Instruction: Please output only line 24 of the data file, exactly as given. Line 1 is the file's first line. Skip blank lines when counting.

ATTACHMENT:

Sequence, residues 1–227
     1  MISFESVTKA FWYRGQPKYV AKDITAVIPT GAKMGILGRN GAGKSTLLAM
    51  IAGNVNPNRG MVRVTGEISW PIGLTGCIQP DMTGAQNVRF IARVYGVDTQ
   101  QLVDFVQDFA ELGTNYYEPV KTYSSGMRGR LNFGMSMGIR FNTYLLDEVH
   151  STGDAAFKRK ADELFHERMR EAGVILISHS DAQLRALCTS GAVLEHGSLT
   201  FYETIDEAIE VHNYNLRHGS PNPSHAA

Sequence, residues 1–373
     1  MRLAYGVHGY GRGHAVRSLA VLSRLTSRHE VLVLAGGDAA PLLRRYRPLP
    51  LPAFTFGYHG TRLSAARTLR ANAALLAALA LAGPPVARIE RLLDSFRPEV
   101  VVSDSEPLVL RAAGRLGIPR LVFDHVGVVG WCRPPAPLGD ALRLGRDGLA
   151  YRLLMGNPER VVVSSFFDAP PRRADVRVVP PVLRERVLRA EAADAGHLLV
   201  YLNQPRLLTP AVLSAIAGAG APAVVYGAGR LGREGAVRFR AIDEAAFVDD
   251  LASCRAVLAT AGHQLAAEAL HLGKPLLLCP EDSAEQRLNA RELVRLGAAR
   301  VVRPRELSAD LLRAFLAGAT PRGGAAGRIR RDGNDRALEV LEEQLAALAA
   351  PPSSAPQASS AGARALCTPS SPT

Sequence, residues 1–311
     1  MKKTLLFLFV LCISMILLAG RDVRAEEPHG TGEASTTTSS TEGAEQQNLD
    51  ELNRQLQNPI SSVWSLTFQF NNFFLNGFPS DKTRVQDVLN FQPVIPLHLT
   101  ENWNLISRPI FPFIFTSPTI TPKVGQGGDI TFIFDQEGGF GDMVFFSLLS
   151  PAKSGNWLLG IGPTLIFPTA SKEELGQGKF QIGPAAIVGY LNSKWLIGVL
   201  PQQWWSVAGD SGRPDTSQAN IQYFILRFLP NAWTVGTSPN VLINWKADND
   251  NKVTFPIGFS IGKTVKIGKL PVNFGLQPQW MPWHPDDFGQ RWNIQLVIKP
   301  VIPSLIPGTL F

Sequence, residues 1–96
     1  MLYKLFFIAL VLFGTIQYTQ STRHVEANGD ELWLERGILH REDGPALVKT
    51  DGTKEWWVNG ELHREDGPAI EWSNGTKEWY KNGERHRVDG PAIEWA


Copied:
Sequence, residues 1–96